‘A picture is worth a thousand words’ – you may say that this is a time-worn adage, but a visit to the exhibitions of Fotofabrika will let you remember it and will convince you that photos are really worth a thousand words. They tell stories, stir emotions, make us think of people’s tragedies, they are evidence of the transitional processes taking place all over the world.
Fotofabrika Festival is an international photography festival held in Sofia, Bulgaria, each fall. Last year in its first edition Fotofabrika showed the protesting man. Accent in this second edition are refugees and socially excluded people. Photographs from around the world direct public attention to the people we do not notice in our everyday life or do not see them – the marginal people.
“Those, who are different.We look at them with superiority, contempt, disdain. We even prefer not to see them. Because they strike us with shame, pity or guilt. Among them there are unemployed, or homeless people, people with diplomas and titles, abandoned loners, people without education, without health, without relatives, people without protection. We leave them in the gray area of no-man’s land, in the backyard of Europe, America, Asia and Africa. We treat them as if they are invisible — conveniently inconspicuous in the smug reel of our commercial times. They aren’t outlaws — the law is out of them.“
The organizers of the festival have tried not just to identify who are the marginal people in our society, but also how the society reacts to them. “We want to say that the exclusion of people we usually do not notice, because they cause us anxiety, is inhumane. We want to say that the marginal man is not just the man who delves into the street trash. ” said Emi Baruh, director of the festival “Fotofabrika” at the opening on September the 9th.
The 50-day-long event includes six photo exhibitions, which will remain in Sofia until the end of October, three photography workshops and a movie forum. The Forum KinoFabrika (Film Factory) titled ‘Useless stories from yesterday’ includes screenings of polemic documentaries made before and after 1989, accompanied by discussions with creators. They will try to answer questions like “Who we are “, “Why is happening to us what happens to us” and “How to live with our own injuries”. Communicating with the documentary films included in the forum Kinofabrika is expected to help us look with new eyes at our lives, to understand what has been kept in silence and to find our way in this sometimes deliberately tangled maze of recent history. At least for some of those who are looking to do so.
The first exhibition , Various Selves by French photographer Pierre Gonnord, presented in the National Art Gallery includes portraits of wanderers, workers, homeless people, immigrants and loners, people from Roma families in Seville, characters from the Venetian Lagoon, residents of the industrial coast of Mestre, and the old ghetto of Cannaregio. The impressive large-scale prints with dramatically lit faces on dark backgrounds recall portraits by Rembrandt, Velázquez or El Greco.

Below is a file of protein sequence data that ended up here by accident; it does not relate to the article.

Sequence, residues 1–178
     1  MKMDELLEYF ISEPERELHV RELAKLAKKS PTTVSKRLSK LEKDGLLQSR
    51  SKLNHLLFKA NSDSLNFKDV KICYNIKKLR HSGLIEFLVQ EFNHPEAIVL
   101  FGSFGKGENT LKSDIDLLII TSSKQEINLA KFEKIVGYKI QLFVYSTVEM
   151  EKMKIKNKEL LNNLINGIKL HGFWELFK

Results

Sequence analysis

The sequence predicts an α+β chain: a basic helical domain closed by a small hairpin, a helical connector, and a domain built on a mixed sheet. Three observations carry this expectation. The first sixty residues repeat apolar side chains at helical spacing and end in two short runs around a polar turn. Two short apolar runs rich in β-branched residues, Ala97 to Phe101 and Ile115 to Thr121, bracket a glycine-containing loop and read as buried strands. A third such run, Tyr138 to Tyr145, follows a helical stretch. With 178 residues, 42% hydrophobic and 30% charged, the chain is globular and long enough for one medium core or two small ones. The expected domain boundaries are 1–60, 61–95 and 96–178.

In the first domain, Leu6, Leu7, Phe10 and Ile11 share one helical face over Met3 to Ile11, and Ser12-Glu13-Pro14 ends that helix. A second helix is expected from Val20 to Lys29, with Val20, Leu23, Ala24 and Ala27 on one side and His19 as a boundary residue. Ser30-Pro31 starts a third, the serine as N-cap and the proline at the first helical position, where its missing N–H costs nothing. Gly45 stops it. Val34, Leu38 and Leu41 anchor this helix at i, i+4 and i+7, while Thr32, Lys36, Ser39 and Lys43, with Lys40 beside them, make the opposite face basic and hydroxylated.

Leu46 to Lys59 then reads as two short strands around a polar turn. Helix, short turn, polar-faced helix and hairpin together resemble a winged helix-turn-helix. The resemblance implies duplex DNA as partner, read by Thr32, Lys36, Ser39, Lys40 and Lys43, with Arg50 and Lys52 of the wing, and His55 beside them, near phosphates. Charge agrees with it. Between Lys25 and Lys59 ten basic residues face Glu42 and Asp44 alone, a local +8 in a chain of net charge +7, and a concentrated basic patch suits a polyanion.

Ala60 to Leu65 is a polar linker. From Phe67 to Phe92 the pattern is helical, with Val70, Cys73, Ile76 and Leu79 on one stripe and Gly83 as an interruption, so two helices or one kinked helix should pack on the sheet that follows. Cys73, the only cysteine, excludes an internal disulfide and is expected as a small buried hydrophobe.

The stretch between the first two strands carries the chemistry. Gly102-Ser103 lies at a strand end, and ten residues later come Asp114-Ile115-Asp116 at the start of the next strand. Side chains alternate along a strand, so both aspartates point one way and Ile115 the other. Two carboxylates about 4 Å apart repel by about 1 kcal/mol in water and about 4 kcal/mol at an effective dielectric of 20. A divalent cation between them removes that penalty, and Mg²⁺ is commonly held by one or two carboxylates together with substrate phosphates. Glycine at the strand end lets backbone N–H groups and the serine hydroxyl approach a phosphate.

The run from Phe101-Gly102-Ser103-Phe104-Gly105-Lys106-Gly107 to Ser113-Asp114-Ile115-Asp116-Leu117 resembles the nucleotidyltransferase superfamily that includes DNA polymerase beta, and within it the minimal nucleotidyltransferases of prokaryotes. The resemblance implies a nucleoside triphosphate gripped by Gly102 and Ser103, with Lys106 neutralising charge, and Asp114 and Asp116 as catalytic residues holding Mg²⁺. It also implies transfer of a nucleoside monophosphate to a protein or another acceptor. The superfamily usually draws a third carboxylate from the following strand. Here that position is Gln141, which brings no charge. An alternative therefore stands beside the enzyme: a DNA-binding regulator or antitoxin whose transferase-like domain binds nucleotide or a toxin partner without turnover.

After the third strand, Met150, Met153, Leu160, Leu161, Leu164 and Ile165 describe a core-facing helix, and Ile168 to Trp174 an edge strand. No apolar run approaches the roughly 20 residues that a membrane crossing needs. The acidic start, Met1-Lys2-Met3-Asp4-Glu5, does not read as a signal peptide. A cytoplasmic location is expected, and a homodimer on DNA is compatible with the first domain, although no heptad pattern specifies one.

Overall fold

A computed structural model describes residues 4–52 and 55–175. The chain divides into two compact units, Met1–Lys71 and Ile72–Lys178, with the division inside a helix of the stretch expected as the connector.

Pierre Gonnord, who has turned the Marginal Man project into a way of life, is recognized as one of the most important social portraitists in Europe. He captures the marginalized and invisible members of society in elegant portraits and explaines that he is interested in individuals belonging to certain groups of people for social reasons, but also with a more universal view, “who were far from the material prosperity and the noise of our uniform urban society. I chose people who shine with a different light and have exceptional energy.”
The Strange Other – the second exhibition from the festival is a sequel of the Marginal Man subject. It is about war confronting people and people hitting the roads of war, about the victims of war that Bulgaria has begun receiving. It is aimed to be an invitation for reflection and a contact with ordinary people who found themselves in unusual situations and also an indirect dialogue between refugees and Bulgarians who had to confront each other, against their own will.
The exhibition shows photographs and video installations of refugees coming from war-torn countries and of villagers from Rozovo, Telish and Kalishte, where refugees have settled. The desire of the team is to let us see not the political, but the purely humane side of the issue – do we have the senses for such people, and if we don’t – have we lost a part of our humanity?
It is important to mention the only more positive exhibition which shows that in this gloomy modern world there are inspiring people – ENDAGERED SPIECES, who alone and quietly go beyond limits that seem impossible to the rest of us. The solo exhibition by Maria Milkova, Grand Prix Winner of last year’s documentary photography contest The Street: States And Conditions poses questions: Can a human be an artist when blind? Can one film without hands? Can one teach in a desolate school, yet create future. The answer is YES.
Seven heart-rending stories locked in 25 frames tell the stories of inspiring people like the country physics teacher who in a desolate school managed to prepare 7 of the 11 international gold medalists of Bulgaria or about the photographer who makes photos without hands. They are endangered species of the human being kind.
Transition first starts from within. In our increasingly visual society photography continues to have enormous power to do infinitely more than document and in an international language understood by everyone. Fotofabrika Festival uses this power and talks to us about what is happening in the world today and how it affects us. And probably will influence the way we accept all these changes, as well as the way we react – hopefully for a better future for all of us.